Dutch elections curb growth of far right but expose growing polarisation
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Wednesday's parliamentary elections in the Netherlands indicated that populist groups may be losing steam but showed that the cultural polarisation of societies in Europe continues to intensify.
Dutch voters temporarily stemmed the tide of populism in Europe on Wednesday by placing a check on far-right candidate Geert Wilders, whose anti-Islam and anti-EU Party for Freedom (PVV) made a poorer showing in the polls than anticipated. While the preliminary results have his party gaining five seats over the 15 he won in 2012, given all the political elements in his favour, including the influx of migrants, fears about the loss of cultural identity, anxiety over recent and potential future terrorist attacks, as well as early polls predicting a significantly stronger showing, yesterday's outcome can hardly be seen as a victory.
“I still think that the results should be interpreted as a setback” [for Wilders], said Sarah de Lange, professor of political science at the University of Amsterdam. She pointed out that Wilders performed far better in 2010, when the tides of popular sentiment were far less conducive and he managed to win 24 seats nevertheless. “In this  election, both the context and the debates…were very much in his favour.”
A deciding factor in this election, and a cautionary tale for other European democracies heading for the polls in the near future, was the exceptionally high voter turnout. The participation rate of about 80 percent was the highest seen in the country for 30 years. “The radical right populist parties have quite a loyal electorate,” de Lange said, explaining that those voters can be relied upon to show up in pretty steady numbers. So a large turnout “mainly impacts on other parties,” she said. Being able to mobilize voters from the centre and left of the political spectrum could change the outcome of the elections in other countries as well.
The far-right shouldn’t be dismissed too easily, cautioned Matthijs Rooduijn, assistant professor of political sociology at Utrecht University, who underlined that Wilders’ party is still the second-largest. “Populism and nationalism are still pretty big in the Netherlands,” he said.
Wilders has managed to pull much of the political discourse further to the right, particularly among the right and centre-right parties such as current Prime Minister Mark Rutte’s People’s Party for Freedom and Democracy (VVD). “They have become more nationalist and their election programme is much more restrictive on immigration than in the past,” Rooduijn said.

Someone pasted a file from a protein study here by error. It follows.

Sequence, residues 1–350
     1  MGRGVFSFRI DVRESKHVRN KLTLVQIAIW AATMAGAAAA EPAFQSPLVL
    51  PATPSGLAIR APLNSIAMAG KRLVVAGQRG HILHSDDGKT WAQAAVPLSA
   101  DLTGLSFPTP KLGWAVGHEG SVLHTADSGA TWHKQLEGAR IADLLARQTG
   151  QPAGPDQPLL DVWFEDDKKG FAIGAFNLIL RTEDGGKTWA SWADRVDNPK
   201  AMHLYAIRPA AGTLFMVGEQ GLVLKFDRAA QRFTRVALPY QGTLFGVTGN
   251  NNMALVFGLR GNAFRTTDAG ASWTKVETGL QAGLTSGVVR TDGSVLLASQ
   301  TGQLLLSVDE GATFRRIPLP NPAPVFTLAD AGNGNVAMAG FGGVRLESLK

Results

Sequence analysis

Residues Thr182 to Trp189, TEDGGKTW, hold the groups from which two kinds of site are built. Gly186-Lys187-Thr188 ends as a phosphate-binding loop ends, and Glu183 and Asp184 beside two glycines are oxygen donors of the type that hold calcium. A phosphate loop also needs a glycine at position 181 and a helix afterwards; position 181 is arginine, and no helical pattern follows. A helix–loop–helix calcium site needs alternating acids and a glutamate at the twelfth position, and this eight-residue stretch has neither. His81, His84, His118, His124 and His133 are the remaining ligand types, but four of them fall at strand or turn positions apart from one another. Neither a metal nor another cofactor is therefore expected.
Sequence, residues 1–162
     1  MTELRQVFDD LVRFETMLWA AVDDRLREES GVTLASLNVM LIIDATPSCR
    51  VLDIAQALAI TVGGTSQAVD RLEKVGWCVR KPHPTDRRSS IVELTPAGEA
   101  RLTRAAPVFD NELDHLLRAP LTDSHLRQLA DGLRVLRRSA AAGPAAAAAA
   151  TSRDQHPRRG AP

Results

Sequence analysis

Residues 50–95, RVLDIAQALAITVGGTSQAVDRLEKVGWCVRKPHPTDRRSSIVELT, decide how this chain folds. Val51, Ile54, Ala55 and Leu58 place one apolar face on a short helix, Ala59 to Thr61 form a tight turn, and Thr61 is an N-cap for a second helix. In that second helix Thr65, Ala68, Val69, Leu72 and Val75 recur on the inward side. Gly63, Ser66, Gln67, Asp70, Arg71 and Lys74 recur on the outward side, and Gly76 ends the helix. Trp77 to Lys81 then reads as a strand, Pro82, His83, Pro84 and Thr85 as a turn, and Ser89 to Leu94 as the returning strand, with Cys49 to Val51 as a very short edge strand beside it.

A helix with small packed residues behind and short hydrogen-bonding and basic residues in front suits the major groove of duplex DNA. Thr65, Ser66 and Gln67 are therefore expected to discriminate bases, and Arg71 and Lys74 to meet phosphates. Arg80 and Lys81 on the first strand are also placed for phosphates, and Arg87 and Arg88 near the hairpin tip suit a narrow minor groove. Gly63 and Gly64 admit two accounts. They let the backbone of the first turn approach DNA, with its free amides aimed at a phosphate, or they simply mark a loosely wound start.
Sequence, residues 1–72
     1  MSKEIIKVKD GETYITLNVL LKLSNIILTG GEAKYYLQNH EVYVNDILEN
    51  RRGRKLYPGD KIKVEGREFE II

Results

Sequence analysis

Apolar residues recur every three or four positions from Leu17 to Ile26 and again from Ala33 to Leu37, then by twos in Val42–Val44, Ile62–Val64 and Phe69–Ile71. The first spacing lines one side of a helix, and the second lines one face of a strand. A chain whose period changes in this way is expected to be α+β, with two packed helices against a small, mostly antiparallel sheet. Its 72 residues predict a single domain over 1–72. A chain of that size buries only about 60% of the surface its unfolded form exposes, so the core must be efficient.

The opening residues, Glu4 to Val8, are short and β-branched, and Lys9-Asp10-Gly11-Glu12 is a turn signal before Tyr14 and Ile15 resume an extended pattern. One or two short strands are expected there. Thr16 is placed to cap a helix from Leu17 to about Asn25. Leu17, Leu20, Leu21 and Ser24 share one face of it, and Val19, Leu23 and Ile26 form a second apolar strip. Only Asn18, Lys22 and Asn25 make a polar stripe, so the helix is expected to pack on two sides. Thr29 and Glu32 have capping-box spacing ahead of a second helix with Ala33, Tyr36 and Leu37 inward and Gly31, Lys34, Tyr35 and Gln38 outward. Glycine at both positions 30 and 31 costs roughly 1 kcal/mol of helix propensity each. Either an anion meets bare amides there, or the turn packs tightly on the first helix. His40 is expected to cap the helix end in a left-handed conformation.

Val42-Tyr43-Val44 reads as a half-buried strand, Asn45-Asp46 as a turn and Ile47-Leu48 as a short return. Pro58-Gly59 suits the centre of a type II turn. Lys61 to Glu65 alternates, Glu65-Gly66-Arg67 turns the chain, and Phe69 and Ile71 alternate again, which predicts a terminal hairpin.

Some post-election polls indicated that Rutte benefitted from a recent diplomatic row with Turkey that allowed him to talk tough and appear statesmanlike, all of which played well with conservative voters. The VVD claimed 33 of the 150 parliamentary seats more than any other party-- putting Rutte in the driver’s seat for the upcoming period of coalition building. To form a government, he will need to form alliances that give him a 76-seat majority.
While both Wilder’s and Rutte’s parties, which lie on the right and centre-right of the political spectrum, gained seats in Parliament, so, too, did parties on the left most notably the Green party, GroenLinks, which with a win of 16 seats quadrupled its presence in Parliament. Helmed by 30-year-old Jesse Klaver, whose father is Moroccan and whose mother is of mixed Dutch and Indonesian descent, the party is unashamedly liberal, pro-diversity and pro-EU. Its success spotlights a profound cleavage in the Dutch electorate, which was also a factor in the Brexit vote and the US presidential election -- and is likely to play a role in the French presidential contest.
“It is a very polarized result,” de Lange said. The divide is not so much between the political left versus the political right, de Lange specifies, pointing out that parties with centrist economic policies such as Democrats 66 and the Christian Democratic Appeal performed well. The split is rather between the highly educated, urban elites and their less-educated rural counterparts, who feel increasingly left behind and alienated.
“It’s becoming manifest that this is the social division of the future,” de Lange said. “Society is increasingly organized and segregated along these lines.”
“This election was about Dutch identity much more than it was about economic issues,” Rooduijn concurred.
Identity is at the core of the tensions cutting through Dutch society, as it is in much of the rest of Europe. And with growth in parties on both sides of the social divide, that debate is likely to intensify in the immediate future.
Is the Netherlands the tolerant, open country it has historically prided itself to be, or is diversity and immigration robbing it of its essential Dutch-ness? “It will be very difficult to resolve this issue of identity in the coming years,” de Lange said.
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